Untitled, 1930, introduces the structures of thick, black orthogonal lines creating a Neo-Plastic grid that organizes Torres-García's compositions into geometric compartments, reminiscent of Piet Mondrian. Inside these windowed façades, Torres-García includes quotidian symbols—bottles, a pot, an abstract figure and a key—to depict a schematic urban scene from his own imagination. At the same time, the perfectly balanced geometrical plane and earth-toned palette are inspired by Pre-Columbian art, which he considered to be "the perfect synthesis of structure and figuration." The artist's Constructive Universalism vision was recently reflected in his 2015 retrospective at the Museum of Modern Art in New York, Joaquín Torres-García: The Arcadian Modern.
Lygia Pape Olhando Miró, 2000 (left) and Untitled, circa 1964 (right)
Lygia Pape's contributions to Brazilian modern art cannot be underestimated. Most famously recognized for her achievements in the realm of Neoconcretism, a movement that fused geometric abstraction with everyday life, Pape was also an accomplished filmmaker, graphic designer, ballet choreographer and printmaker. In a 1997 interview, Pape stated, "Everything I observe can nourish me and even serve to subsidize some manifestation or invention I'm going to make, but not in the idealistic sense of considering art as something vague and simply beautiful. I think it's more incisive. It's a language. It's my way of knowing the world."
Born in the state of Rio de Janeiro in 1927, Lygia Pape had no classical academic training in fine art. However, in the early 1950s, she became acquainted with the artistic circles in Rio surrounding the master Ivan Serpa, who by this time had begun giving classes at the Museu de Arte Moderna (MAM-RJ). During this period after World War II, Brazil was booming with industrialization, which materialized in the transformation of major cities, including the development of Brasilia, the nation's new capital. This modernization carried over into the art world with the opening of three major museums from 1947 to 1948 and the inauguration of the Bienal de São Paulo in 1951. These venues provided Brazilian artists like Pape with major exhibition opportunities as well as unfettered access to international modern artists like Kazimir Malevich, Theo can Doesburg and Max Bill, leading to the birth of Concrete Art in Brazil in the form of Grupo Ruptura in São Paulo 1952 and Grupo Frente in Rio in 1954.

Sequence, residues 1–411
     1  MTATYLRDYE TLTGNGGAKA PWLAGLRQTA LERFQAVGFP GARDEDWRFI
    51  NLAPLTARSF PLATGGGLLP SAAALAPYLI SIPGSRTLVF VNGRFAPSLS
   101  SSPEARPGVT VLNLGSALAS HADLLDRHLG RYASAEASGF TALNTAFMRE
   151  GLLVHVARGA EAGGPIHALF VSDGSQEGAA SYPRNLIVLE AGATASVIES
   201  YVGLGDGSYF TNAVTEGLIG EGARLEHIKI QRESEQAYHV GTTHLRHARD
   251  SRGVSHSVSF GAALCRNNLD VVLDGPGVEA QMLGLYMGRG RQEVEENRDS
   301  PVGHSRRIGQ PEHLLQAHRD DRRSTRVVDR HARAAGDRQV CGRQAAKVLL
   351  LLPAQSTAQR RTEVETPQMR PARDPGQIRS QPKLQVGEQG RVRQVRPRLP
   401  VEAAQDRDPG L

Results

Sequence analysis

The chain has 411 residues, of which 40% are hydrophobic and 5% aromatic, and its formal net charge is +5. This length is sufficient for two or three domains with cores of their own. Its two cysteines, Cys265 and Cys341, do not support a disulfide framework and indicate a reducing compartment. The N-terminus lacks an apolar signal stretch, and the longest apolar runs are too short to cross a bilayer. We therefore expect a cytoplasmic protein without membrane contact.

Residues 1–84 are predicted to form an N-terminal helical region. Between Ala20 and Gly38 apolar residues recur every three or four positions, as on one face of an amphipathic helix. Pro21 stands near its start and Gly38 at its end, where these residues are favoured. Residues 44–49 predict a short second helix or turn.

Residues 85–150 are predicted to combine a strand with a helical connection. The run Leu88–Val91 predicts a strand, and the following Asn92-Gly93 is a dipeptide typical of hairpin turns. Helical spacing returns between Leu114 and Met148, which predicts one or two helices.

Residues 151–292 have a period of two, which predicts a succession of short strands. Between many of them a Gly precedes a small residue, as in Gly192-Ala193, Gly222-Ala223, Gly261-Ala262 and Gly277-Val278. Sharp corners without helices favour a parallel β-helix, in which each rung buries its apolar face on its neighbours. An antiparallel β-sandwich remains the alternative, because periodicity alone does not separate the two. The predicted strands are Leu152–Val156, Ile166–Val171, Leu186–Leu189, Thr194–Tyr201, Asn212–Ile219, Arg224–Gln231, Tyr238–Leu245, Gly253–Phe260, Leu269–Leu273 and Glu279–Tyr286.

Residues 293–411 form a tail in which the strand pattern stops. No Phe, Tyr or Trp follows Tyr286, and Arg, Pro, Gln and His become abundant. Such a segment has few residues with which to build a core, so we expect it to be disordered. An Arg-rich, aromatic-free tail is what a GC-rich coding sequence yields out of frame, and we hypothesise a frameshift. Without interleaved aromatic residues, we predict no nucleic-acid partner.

As a member of Grupo Frente, along with artists like Lygia Clark and Hélio Oiticica, Pape employs in her early work a universal language consisting of simplified forms in primary colors. These works eliminate the artist's hand, appearing machine-made and featuring small squares that radically burst beyond the two-dimensional picture plane, thereby becoming part of the viewer's space. Yet, it was with the invention of her Tecelares, black and white woodcuts on rice paper, that Pape brought Brazil back into her art practice. Nodding to the country's extensive tradition of woodcut prints, typically associated with craft, Pape transformed the medium into something entirely modern by using it to produce simple geometric shapes that dissolved the boundaries between foreground and background. These works epitomize the birth of Neoconcretism in which popular culture and life experience become crucial components of art. Untitled, 1961 demonstrates a strong relationship with Pape's earlier Tecelares while foreshadowing her later Ttéias, in which she filled entire rooms with glimmering golden columns made of delicate threads through which participants traversed—begging viewers to immerse themselves wholly in an unadulterated experience of light and physical sensation.
Olga de Amaral
Olga de Amaral Alquímia 80, 1989
Born in Bogotá, Colombia, Olga de Amaral studied fabric design at the prestigious Cranbrook Academy in Michigan. Her in-depth knowledge of textiles and weaving techniques from around the world provided a foundation for her complex artistic practice that transcends fixed genres and artistic discipline. In this ravishing work, Alquímia 80, 1989, not only is de Amaral's manual dexterity with conventional weaving techniques apparent, but the work is also a powerful example of her mastery of fine art principles like formalism and abstraction.
De Amaral's distinctive sculptural textiles, like the one in the present lot, feature a meticulous layering of textured linen, coated with paint and gold leaf, resulting in intricate geometric compositions. While the arduous nature of her process is evident throughout, her chosen method of display—hanging these panels with separation from the wall—imparts movement and emphasizes the impact of light, instilling the works with an otherworldly quality.